The challenge, Punto said, was to put a dollop on the tip of my index finger, then rub it over my gums.

Me, I’m just dumb enough to do that. Punto said later he didn’t think I would. He was wrong.

Let me say here and now that there was some pain involved. Not an unbearable amount, but it’s safe to say the practice isn’t for everyone.

Crisp wasn’t around to see me do it, but word got out quickly. A fist-bump ensued.

He explained that he has three small bottles of intense hot sauce. This was the mild one. It registers, he said at 300,000 on the Scoville Chile Flame Scale. Your average Jalapeno comes in at about 2,500-5000. A sweet bell pepper goes at 0-100. So 300,000 is way, way over what most people are used to. These intense sauces are mostly used in small amounts to

Crisp’s other two are Scoville listed at 5 million and 9 million.

I don’t think I’ll be trying those.

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A’s: Doolittle’s numbers say it all; he should be an All-Star

A's closer Sean Doolittle is on a roll that should land him in the All-Star Game.

A’s closer Sean Doolittle is on a roll that should land him in the All-Star Game.

At his current rate of production, there doesn’t seem much that A’s closer Sean Doolittle can’t do.

If you’d like to do something Doolittle can’t or won’t do, just dwell on his statistics for a bit.

–He’s 11-for-12 in save opportunities.

–He has not allowed a run in his last 23 games, a total of 25.1 innings. It’s the longest active streak in the American League and fourth-best streak in A’s history.

–He’s walked 1 and struck out 53. No pitcher since 1900 had struck out 45 before issuing a second walk.

–He’s faced 64 batters since May 60 and has retired 60 of them, allowing three hits and one walk.

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A’s: Reddick’s arm, glove will continue to keep him in lineup

Josh Reddick's defensive contributions continue to mount.

Josh Reddick’s defensive contributions continue to mount.

Periodically A’s watchers will wonder out loud why Josh Reddick is in the Oakland lineup when he’s healthy, almost without exception.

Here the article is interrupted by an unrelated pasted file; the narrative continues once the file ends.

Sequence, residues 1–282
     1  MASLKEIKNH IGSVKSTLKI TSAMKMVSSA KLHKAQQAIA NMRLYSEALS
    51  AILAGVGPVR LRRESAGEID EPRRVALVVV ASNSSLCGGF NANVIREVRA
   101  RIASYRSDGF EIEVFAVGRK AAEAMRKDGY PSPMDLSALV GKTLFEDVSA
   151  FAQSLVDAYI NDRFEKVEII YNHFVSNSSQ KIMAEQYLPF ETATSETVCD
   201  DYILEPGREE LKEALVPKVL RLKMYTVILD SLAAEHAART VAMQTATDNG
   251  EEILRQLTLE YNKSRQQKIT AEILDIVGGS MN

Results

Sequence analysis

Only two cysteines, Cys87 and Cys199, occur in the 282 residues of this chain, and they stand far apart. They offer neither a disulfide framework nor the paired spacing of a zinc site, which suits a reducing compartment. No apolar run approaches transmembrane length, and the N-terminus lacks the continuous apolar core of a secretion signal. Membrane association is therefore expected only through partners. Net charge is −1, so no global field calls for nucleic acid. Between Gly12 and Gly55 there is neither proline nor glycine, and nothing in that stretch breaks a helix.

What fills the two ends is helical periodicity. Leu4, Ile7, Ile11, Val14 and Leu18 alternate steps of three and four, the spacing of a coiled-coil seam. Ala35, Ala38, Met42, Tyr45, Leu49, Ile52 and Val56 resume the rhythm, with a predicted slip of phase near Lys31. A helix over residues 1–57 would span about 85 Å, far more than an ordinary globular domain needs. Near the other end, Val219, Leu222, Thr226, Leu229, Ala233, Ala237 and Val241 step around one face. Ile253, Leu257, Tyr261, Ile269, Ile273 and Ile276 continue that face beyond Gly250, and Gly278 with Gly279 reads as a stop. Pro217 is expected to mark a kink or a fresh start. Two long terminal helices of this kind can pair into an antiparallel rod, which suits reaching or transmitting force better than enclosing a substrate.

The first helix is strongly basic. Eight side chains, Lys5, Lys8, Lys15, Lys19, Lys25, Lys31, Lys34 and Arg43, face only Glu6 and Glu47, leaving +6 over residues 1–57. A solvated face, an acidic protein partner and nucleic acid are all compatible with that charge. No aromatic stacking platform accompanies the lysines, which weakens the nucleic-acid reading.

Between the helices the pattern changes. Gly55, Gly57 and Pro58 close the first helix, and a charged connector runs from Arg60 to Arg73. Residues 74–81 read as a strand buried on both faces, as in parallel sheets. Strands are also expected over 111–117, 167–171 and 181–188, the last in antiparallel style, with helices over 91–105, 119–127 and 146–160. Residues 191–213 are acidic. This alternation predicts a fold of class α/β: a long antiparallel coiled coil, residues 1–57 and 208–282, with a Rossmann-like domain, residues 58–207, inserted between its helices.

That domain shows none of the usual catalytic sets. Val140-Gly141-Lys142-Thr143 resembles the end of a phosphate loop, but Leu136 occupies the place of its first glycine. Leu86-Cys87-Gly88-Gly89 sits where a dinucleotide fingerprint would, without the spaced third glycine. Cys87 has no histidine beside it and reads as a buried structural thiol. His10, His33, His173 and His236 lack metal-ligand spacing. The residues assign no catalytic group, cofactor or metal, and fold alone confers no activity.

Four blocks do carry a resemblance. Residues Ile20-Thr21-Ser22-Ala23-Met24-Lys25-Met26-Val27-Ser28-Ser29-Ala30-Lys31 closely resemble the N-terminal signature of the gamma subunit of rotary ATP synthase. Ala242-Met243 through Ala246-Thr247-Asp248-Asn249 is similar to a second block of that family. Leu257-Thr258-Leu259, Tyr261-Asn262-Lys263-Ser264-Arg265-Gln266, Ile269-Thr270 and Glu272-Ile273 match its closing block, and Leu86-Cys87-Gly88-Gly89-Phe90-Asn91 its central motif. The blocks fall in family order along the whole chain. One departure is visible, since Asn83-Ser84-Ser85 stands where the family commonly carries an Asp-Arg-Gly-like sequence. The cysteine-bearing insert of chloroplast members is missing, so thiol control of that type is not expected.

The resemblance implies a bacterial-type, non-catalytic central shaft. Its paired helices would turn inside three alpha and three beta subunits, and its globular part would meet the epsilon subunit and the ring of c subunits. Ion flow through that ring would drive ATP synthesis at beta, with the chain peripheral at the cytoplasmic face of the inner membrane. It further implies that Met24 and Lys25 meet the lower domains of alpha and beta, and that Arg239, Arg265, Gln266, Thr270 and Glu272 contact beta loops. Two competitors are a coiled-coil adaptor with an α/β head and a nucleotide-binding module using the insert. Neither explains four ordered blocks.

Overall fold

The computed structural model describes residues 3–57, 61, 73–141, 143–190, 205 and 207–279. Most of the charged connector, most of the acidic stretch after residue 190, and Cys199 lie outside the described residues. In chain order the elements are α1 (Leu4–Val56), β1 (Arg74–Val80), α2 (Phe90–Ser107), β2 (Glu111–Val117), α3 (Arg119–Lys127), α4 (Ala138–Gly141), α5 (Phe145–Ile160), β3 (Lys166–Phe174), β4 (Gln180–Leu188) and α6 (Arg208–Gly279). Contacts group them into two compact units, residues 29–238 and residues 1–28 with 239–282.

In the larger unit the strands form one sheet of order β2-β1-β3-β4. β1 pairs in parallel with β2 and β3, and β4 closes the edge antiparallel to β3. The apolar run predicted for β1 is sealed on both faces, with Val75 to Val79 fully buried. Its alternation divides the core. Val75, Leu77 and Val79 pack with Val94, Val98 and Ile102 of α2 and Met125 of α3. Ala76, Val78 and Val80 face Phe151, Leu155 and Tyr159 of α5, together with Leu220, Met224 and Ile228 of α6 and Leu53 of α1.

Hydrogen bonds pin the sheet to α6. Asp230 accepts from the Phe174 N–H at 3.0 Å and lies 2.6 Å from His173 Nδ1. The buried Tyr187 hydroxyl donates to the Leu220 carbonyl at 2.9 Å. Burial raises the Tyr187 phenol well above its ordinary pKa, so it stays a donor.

It usually happens when Reddick is the middle of a cold offensive spell. That’s not the case right now, because he’s played just two games in the last three weeks after coming off the disabled list. There hasn’t been enough time to be hot or cold.

Wednesday night was a case in point of why he plays so much. Reddick’s arm, always a weapon, saved at least one run and kept Oakland starter Brad Mills in control of the game. More than that, Reddick made a couple of stellar catches.

He opened the third inning making manager Bob Melvin’s heart race a little by going into the stands in foul territory to make a highlight-reel scoop behind a fan. Melvin saw Reddick’s 2013 season impacted by a play against the wall in Houston, and he just got the right fielder off the disabled list Tuesday. He’d like to keep him around for a while.

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A’s bullpen brings Star Wars Darth Vadar’s helmet into fold

Will the force be with the A's bullpen and it's Darth Vader helmet?

Will the force be with the A’s bullpen and it’s Darth Vader helmet?

If the A’s bullpen was looking for an identity, it may have found it with a little help from George Lucas, Darth Vader and Co.

Sitting in the clubhouse Tuesday was a full-sized green-and-gold helmet worn by villain deluxe Vader in the Star Wars franchise.

Speaking for the bullpen, A’s closer Sean Doolittle said “it’s going with us everywhere.’’

The helmet originally caught the eye of reliever Evan Scribner in spring training who saw an A’s fan carrying it. Scribner asked what it would take to get one, and eventually he and the fan worked out a deal.